They do not see the shortsightedness of this policy. Foreign companies, too, can obtain US patents, as one of the panelists mentioned. Moreover, foreign companies can also buy US companies along with their patent portfolios. In fact, both of these things are happening.

The Chinese have learned how the patent game is played, and they are filing mountains of patents. According to WIPO's (World Intellectual Propery Organization) most recent data (2010), China is filing 80% as many patents as the US, and they are increasing them at more than 3 times the rate of the US. In the same report, for patents filed under the Patent Cooperation Treaty (PTC) system, 2 of the top 3 companies filing patents are Chinese (ZTE and Huawei). Only 1 company in the top 10 is American.

There is a type of patent called a "Utility Model", which is a short term patent granted with little examination. It's not used in the US, but it is in many countries that American companies would want to sell things to. China accounts for 82.6% of all UM patents.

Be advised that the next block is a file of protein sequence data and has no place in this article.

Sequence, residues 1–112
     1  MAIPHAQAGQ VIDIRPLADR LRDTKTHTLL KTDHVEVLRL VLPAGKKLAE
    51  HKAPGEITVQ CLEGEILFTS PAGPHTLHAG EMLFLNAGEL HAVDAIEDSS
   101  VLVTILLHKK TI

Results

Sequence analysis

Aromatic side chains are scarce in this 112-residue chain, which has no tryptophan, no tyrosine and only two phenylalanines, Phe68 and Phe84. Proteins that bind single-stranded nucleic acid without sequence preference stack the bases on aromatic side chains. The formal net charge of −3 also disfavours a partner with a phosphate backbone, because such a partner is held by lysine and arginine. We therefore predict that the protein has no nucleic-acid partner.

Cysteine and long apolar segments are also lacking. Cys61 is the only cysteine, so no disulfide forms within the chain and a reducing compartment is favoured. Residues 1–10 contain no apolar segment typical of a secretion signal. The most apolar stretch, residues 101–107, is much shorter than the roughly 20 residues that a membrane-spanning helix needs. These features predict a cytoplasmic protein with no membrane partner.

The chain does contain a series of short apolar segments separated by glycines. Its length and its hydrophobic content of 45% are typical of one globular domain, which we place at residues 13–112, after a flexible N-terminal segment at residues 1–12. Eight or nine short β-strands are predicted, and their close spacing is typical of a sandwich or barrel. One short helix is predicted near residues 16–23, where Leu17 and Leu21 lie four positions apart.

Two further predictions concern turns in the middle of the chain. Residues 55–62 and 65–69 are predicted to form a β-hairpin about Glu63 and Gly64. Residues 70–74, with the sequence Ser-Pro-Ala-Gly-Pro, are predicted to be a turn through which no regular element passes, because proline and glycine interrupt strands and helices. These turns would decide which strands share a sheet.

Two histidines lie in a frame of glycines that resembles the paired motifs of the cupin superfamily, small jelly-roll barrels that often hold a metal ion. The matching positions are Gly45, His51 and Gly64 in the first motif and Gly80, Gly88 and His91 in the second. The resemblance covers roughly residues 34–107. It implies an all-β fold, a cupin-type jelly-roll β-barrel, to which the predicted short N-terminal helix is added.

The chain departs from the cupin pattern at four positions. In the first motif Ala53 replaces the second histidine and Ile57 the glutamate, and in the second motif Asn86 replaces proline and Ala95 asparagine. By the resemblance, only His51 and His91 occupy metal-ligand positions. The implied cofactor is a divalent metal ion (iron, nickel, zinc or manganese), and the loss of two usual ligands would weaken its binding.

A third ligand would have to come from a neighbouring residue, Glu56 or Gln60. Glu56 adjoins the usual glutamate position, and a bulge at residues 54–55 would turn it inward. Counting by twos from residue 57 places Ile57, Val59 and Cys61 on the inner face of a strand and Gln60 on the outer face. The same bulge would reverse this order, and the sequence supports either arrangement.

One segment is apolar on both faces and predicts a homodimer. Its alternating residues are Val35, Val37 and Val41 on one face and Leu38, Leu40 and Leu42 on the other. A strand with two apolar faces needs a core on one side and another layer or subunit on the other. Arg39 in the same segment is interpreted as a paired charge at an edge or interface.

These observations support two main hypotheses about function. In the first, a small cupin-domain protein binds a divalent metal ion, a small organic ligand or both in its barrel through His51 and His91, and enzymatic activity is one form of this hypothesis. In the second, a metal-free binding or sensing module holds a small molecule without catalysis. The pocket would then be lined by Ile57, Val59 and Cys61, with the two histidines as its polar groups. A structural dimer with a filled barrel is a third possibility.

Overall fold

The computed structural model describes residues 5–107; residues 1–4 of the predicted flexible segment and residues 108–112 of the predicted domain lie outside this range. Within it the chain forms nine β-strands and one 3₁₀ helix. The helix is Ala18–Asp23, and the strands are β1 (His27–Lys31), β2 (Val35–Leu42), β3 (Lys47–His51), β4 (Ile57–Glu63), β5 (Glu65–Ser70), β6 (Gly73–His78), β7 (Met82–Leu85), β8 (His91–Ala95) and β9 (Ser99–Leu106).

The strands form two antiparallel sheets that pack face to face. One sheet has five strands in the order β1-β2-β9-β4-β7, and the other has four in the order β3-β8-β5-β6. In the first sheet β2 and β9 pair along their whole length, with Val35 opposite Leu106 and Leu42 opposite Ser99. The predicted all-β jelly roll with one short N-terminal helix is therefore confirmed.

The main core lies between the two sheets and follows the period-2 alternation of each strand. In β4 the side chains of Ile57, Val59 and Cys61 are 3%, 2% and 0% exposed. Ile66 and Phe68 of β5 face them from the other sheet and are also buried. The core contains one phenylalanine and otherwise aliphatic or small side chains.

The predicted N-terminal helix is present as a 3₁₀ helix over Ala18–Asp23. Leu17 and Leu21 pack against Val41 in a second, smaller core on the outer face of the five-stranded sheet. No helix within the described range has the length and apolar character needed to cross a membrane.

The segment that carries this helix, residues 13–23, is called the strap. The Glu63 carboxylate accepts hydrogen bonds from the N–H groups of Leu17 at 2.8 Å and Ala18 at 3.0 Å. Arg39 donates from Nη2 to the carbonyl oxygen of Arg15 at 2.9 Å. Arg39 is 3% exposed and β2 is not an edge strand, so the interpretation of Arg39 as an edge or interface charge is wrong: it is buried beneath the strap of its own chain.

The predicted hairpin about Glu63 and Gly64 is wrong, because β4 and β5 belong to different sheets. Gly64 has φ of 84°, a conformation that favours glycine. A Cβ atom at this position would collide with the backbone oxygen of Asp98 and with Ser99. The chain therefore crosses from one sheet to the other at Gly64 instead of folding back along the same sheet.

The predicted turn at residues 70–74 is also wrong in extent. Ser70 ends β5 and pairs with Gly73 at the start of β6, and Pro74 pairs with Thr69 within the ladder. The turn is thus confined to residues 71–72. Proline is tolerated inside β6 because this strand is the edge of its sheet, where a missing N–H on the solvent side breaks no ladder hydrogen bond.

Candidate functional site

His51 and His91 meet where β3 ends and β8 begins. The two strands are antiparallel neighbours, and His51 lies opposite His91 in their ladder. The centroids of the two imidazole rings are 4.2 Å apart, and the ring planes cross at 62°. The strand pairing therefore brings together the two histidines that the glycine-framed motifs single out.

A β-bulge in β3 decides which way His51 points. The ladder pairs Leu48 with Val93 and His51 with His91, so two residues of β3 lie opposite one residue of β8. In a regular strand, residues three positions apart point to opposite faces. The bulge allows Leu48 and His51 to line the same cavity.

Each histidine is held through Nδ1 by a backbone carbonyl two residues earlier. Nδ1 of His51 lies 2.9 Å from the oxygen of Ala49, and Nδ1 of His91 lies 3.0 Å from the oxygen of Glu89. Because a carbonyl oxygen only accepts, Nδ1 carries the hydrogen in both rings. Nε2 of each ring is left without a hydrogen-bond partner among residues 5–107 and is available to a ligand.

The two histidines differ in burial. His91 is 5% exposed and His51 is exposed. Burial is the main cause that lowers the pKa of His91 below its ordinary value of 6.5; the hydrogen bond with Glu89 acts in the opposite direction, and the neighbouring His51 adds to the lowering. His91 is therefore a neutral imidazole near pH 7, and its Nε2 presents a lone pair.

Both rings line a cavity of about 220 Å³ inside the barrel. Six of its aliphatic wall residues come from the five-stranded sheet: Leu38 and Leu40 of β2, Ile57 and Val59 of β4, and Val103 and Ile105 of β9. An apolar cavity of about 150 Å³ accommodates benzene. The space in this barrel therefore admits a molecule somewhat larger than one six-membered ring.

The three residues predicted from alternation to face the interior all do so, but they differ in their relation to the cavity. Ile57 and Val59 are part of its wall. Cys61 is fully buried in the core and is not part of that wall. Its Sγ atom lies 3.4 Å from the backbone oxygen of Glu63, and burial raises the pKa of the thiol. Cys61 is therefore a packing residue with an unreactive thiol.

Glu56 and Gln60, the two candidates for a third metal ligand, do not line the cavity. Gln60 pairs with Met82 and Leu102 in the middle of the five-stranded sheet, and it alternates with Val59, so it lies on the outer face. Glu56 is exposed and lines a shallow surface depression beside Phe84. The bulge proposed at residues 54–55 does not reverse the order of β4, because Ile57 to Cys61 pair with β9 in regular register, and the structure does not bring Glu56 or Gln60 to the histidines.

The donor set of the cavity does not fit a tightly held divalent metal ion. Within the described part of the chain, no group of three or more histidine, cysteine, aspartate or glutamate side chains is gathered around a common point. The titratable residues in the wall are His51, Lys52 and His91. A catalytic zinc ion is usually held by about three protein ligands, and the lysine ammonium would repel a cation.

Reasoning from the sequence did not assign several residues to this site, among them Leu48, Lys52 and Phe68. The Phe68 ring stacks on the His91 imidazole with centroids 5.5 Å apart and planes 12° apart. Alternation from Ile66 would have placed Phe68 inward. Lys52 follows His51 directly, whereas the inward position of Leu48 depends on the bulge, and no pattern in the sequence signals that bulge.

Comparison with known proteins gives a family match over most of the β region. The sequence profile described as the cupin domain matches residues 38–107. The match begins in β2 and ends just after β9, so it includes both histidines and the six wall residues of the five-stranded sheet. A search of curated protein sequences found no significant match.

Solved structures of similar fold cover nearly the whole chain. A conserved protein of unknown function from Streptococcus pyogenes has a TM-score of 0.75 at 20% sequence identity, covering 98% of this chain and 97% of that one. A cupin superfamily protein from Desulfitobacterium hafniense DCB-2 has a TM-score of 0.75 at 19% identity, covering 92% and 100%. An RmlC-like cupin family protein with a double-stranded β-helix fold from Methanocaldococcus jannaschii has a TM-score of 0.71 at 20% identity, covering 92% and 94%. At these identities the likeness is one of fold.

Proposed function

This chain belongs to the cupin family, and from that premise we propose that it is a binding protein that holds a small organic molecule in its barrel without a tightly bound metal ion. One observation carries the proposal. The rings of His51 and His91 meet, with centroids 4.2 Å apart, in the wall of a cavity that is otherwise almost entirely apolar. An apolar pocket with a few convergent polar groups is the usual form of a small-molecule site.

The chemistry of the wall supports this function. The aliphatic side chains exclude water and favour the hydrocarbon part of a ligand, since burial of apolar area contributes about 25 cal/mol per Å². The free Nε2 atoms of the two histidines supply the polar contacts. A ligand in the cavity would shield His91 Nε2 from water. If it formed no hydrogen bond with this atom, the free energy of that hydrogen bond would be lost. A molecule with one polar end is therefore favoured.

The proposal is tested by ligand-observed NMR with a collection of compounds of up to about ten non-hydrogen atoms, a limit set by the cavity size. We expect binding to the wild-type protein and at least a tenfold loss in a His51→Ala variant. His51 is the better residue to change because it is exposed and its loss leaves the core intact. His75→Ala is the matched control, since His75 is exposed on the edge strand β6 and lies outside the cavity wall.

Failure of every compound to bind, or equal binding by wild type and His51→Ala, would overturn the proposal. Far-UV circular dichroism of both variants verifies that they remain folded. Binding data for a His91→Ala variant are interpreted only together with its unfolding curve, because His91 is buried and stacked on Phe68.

For "Industrial Designs" (e.g. Apple's infamous "rectangle with rounded-corner patent"), China accounts for 63% of the world total, and their total is growing at nearly twice the rate of the US. The US accounts for just 4.3% of the world total.

In other words, in terms of volume China is winning the patent war. The US has a large number of existing patents granted in the past, but in terms of new patents, the Chinese already either predominate or will soon take the lead.

A patent proponent will no doubt argue that American patents are "better" than Chinese patents, and therefore more valuable. However, as we've seen in the smart phone wars, it's quantity that matters, not quality. The patent system is simply Soviet economics writ large, where filing the correct paperwork counts for everything and satisfying customers means nothing.